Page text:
In determining what coverage is provided for purposes of determining the applicability of underinsured motorist coverage, a court first must determine whether the policy permits coverage from multiple policies to be stacked. . . . This approach is consistent with the fact that one purpose of the underinsured motorist coverage is to provide the insured with the coverage the insured purchased when the excess amount is necessary to cover damages. Id. at *5.

The Manner court then discussed the Supreme Court’s decision in Ritchie v. Allied Prop. & Cas. Ins. Co., 307 S.W.3d 132 (Mo. banc 2009). Id. at *6. The Court first pointed to the “Other Insurance” provision found in Ritchie, which read:

OTHER INSURANCE
If there is other applicable underinsured motorist coverage available under one or more policies or provisions of coverage:

….

(2) Any coverage we provide with respect to a vehicle you do not own shall be excess over any other collectible underinsured motorist coverage. Id. (citing Ritchie, 307 S.W.3d at 136-37).

The Court then explained Ritchie stood for the proposition that when a conflict exists between an “Other Insurance” clause and other provisions in a UIM policy, then the conflict will be decided against the insurer. Id. at *6. Relying on Ritchie, the Supreme Court in Manner held:

Similarly, here, the second sentence of the “other insurance” clause appears to an “ordinary person of average understanding” to permit stacking because it states that “any coverage we provide with respect to a vehicle you do not own shall be excess over any other collectible underinsured motorist coverage.” To the extent that this is inconsistent with other provisions of the policy such as the “Two or More Cars Insured” provision, the resulting ambiguity must be resolved in favor of the insured. Stacking is permitted under the four policies. Id.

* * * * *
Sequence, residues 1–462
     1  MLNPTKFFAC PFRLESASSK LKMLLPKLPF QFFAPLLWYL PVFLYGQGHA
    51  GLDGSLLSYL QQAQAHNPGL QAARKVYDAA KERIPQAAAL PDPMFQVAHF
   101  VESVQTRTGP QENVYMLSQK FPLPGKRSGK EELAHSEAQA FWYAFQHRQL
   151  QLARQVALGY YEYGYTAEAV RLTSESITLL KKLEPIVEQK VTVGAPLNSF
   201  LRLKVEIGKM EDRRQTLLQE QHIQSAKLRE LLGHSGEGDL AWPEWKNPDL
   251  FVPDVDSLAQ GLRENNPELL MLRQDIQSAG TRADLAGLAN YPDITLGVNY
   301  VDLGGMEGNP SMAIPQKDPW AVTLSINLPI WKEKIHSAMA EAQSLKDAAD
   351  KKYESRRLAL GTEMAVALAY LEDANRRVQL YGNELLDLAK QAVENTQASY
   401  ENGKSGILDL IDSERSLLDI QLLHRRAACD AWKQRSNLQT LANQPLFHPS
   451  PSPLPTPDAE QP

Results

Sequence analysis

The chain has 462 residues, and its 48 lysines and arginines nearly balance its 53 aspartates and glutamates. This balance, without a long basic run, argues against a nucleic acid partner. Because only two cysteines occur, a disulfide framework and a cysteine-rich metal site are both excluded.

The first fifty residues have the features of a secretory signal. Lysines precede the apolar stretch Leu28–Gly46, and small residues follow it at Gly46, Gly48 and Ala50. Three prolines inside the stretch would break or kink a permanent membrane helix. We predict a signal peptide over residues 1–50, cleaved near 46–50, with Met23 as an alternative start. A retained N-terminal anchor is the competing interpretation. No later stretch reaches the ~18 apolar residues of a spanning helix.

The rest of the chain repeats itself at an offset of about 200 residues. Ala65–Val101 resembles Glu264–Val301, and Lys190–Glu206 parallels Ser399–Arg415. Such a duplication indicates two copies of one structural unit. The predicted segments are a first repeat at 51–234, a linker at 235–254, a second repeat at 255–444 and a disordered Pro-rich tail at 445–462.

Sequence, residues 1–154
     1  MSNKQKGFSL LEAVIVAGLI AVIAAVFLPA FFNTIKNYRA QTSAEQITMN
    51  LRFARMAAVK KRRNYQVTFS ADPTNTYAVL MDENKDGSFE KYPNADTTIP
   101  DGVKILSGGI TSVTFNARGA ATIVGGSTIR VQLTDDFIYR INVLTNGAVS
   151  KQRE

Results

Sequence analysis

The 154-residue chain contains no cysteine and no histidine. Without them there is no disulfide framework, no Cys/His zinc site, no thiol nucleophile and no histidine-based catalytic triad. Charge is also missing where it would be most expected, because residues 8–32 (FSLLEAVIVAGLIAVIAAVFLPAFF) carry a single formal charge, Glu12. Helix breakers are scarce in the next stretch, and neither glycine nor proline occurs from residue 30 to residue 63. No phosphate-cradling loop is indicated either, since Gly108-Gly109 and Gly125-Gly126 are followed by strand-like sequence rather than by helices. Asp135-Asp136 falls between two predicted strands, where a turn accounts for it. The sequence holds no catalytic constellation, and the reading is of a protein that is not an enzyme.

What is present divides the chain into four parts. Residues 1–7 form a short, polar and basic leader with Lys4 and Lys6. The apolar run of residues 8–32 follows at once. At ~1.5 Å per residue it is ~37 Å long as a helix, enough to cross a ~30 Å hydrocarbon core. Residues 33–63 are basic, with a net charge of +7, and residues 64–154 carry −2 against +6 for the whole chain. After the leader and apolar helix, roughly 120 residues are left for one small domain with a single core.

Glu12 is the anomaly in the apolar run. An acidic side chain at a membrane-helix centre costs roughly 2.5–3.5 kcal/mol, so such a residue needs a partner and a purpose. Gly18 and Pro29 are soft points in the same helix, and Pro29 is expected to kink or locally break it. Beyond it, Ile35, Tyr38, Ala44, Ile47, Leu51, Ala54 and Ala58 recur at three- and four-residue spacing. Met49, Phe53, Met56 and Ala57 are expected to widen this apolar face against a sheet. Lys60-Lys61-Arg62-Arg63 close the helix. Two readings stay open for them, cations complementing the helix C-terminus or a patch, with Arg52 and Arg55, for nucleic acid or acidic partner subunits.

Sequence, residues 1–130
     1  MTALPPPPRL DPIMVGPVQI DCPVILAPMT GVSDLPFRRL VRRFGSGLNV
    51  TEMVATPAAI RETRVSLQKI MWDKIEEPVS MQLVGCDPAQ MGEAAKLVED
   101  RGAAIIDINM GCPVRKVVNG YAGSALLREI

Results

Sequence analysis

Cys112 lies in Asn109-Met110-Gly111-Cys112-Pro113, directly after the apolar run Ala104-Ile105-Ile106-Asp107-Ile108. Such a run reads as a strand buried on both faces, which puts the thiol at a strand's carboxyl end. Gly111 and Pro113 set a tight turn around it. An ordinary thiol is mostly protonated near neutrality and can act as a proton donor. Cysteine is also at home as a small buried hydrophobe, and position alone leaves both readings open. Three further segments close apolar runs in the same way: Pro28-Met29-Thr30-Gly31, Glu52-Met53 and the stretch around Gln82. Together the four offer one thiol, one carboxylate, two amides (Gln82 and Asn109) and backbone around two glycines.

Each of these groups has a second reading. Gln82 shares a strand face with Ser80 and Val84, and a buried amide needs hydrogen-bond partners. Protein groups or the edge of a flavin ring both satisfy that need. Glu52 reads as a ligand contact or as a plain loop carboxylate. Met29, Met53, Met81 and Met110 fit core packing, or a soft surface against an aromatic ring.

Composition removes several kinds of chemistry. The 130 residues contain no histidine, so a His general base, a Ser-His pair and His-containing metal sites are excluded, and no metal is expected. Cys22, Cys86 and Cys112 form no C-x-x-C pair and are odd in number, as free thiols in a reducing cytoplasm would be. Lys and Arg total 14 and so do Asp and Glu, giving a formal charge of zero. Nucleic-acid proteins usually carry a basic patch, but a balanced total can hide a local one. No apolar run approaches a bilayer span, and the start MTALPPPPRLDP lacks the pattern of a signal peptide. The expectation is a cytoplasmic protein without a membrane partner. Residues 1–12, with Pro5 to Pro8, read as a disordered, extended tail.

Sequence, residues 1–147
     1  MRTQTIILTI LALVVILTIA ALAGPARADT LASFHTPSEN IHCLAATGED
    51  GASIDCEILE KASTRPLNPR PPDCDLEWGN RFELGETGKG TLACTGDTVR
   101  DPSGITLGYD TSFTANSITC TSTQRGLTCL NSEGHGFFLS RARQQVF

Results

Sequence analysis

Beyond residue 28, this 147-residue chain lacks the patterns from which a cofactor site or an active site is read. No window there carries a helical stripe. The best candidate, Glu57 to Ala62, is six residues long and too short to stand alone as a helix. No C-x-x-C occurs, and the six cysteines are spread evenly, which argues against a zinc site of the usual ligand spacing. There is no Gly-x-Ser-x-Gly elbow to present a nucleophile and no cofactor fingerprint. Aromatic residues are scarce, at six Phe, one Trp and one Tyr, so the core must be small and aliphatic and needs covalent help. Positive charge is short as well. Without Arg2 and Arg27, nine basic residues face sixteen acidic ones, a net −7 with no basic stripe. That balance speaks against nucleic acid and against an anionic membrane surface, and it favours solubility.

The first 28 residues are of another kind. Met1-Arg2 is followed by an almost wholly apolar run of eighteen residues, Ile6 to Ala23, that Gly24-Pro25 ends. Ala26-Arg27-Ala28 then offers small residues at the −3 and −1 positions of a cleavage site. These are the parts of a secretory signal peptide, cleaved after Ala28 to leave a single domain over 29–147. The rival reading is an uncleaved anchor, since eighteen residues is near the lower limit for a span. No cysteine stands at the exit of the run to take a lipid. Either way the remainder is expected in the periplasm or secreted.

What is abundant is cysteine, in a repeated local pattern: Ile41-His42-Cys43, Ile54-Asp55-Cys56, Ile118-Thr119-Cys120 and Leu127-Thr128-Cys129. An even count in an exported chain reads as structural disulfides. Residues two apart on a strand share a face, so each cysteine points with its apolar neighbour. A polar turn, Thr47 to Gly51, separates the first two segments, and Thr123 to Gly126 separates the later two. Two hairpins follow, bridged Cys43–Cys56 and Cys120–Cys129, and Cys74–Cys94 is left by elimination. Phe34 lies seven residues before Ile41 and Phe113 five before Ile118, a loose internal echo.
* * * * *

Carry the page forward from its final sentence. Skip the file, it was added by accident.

In addition to addressing “stacking” UIM coverages, the Manner court made it clear that UIM carriers do not get a “set-off” or a credit for payments made by a tortfeasor. The Supreme Court reiterated its reasoning from Ritchie and held that “set-offs” would make the promised UIM coverage illusory since on a policy’s face it promises to pay the limits stated on the declarations page but if given a set-off, then the insurer would never have to pay the amount on the declarations page. Not only does the opinion reiterate the holding from Ritchie, but it also does not allude that it may be possible for an insurer to draft language allowing for set-off like the Ritchie court did. The strong language from Manner may finally have put the issue of “set-offs” to rest.

Despite the precedent disfavoring the restriction of UIM coverage in Manner, in addition to Long, insurance companies continue to aggressively deny their insured’s ability to stack coverages, and the companies continue to argue their policies grant them a set-off. Due to the aggressiveness of insurance companies in litigating UIM coverage, it is important for someone injured in a car accident to have experienced counsel review the relevant policy language to determine 1) is the negligent driver going to be an underinsured motorist, and 2) if so, what amount of UIM coverage is available.

At The Law Offices of Stephen R. Bough, we have the knowledge and experience to successful handle all aspects of a UIM case. If you or someone you know has been injured in a car accident and the negligent driver did not carry adequate coverage to compensate you for your injuries, then please contact The Law Offices of Stephen R. Bough so we can determine if you may have a UIM claim.

Also, if you are an attorney that needs assistance in handling a UIM claim after successfully litigating the claim against the negligent driver, then our firm would be more than happy to discuss an agreeable co-counsel arrangement.